Rare Daily Staff
GenSight said it was preparing for a pre-submission meeting with the European Medicines Agency and an end-of-phase 2 meeting with the U.S. Food and Drug Administration to advance GS010, its gene therapy for the inherited eye disease Leber hereditary optic neuropathy.
The effort to advance the therapy comes despite the strength a sham treatment showed in its clinical study failing to demonstrate a statically significant improvement in visual acuity in GS010-treated eyes compared to sham-treated eyes.
During a meeting with a panel of key opinion leaders to discuss the clinical trial results, GenSight CEO Bernard Gilly expressed the company’s plans to bring the therapy to market as early as possible.
The company said the results from the phase 3 REVERSE trial showed continued efficacy of GS010 two years past injection, with best-corrected visual acuity sustaining a clinically meaningful improvement over baseline.
In the study, patients were dosed with the gene therapy in one eye and a sham treatment in the other. At Week 96, GS010-treated eyes showed a mean improvement of -0.308 LogMAR (a standardized scoring system of visual acuity) compared to baseline, equivalent to +15.4 ETDRS letters or 3 lines on the ETDRS vision chart. The ETDRS is a standardized measure of visual acuity that measures the ability of a patient to read letters on an eye chart.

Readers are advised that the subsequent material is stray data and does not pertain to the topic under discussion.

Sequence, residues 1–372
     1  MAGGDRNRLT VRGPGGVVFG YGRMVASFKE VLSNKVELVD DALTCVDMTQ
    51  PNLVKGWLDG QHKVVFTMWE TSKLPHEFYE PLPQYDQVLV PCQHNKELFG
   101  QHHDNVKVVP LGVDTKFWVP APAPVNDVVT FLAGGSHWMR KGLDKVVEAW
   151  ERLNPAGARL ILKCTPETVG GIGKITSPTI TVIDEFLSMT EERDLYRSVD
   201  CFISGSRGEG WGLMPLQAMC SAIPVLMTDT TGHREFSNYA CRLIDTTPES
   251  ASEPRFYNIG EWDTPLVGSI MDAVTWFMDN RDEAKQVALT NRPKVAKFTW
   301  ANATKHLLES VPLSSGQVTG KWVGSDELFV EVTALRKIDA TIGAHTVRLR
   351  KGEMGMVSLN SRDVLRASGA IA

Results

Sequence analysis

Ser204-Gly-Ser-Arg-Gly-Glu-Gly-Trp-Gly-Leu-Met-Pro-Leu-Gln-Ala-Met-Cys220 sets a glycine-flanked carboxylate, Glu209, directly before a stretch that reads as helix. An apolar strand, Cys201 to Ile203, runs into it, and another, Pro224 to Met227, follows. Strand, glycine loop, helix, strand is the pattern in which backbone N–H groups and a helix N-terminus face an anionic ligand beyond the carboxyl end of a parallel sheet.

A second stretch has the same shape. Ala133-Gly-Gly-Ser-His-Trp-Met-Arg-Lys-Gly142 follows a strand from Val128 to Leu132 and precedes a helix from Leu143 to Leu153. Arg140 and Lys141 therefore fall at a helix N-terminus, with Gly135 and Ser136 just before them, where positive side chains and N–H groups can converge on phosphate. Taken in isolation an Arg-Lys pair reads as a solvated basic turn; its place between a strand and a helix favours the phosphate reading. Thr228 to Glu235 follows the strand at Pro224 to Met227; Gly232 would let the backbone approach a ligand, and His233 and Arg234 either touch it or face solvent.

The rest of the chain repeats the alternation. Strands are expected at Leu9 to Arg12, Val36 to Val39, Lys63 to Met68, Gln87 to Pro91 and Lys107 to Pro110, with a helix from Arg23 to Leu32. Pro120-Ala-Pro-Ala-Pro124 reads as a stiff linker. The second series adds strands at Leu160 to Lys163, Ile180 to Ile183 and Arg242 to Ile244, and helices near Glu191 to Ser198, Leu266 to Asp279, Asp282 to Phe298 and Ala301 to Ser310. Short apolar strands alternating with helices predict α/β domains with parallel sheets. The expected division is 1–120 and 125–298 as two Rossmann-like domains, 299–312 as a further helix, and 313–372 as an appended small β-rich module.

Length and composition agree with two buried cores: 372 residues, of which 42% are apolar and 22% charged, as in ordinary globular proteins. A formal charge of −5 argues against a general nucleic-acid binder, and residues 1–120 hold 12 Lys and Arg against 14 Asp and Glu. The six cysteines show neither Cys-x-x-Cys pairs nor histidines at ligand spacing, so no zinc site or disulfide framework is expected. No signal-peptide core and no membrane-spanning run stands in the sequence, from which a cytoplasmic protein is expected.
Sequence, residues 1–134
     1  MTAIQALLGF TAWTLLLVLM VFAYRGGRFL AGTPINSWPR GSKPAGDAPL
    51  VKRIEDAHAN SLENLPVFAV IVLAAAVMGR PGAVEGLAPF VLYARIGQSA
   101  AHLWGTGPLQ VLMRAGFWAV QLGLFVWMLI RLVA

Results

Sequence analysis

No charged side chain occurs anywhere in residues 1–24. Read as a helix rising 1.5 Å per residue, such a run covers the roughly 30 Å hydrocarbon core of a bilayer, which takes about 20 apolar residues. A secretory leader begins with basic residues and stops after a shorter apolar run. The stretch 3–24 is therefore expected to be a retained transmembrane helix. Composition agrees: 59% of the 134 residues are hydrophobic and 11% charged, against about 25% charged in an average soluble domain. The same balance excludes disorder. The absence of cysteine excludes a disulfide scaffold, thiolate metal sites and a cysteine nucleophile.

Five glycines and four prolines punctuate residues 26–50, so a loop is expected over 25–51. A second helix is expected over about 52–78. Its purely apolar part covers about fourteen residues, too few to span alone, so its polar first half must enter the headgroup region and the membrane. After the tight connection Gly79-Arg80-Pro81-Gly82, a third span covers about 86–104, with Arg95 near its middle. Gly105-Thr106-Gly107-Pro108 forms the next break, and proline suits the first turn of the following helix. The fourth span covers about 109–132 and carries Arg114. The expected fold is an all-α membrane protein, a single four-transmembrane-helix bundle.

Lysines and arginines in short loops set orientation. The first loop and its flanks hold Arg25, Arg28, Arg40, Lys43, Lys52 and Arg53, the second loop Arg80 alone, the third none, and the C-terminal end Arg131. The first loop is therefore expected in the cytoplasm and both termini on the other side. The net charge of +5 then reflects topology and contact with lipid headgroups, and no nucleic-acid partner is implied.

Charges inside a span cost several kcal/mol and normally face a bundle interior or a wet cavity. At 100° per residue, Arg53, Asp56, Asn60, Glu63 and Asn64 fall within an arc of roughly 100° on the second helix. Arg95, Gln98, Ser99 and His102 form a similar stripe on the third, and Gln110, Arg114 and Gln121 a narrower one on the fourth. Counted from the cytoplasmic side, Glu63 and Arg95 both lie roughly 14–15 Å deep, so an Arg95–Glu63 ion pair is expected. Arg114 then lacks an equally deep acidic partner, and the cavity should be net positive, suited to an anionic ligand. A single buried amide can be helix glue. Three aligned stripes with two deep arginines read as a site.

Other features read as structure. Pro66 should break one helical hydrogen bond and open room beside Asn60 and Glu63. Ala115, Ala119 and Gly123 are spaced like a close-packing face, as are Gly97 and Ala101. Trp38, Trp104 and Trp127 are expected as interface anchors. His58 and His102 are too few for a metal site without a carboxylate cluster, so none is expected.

As in previous readouts at Week 48 and Week 72, best-corrected visual acuity in sham-treated eyes evolved on a relatively parallel trajectory, achieving a mean improvement of -0.259 LogMAR over baseline, or a gain of +12.9 ETDRS letters equivalent, at Week 96.
Although lower in magnitude, the mean best-corrected visual acuity improvement of sham-treated eyes was not statistically significant from that of GS010-treated eyes.
Robert Sergott, director of the Wills Eye Hospital, said that the improvements in the sham-treated eyes suggest the gene therapy migrated from the treated to the untreated eye.
“The data show that both the treated and the sham eye improved in both high and low contrast, defying the accepted natural history of this disease and improving upon it, based upon the clinical experiences of generations of neuro-ophthalmologists,” said Sergott when the results were released. “The behavior of the untreated eye must also make us re-examine what we thought we knew as possibly dogma and be open to the idea that gene therapy delivered into one eye may be able to access the contralateral eye.”
Photo: Bernard Gilly, CEO of GenSight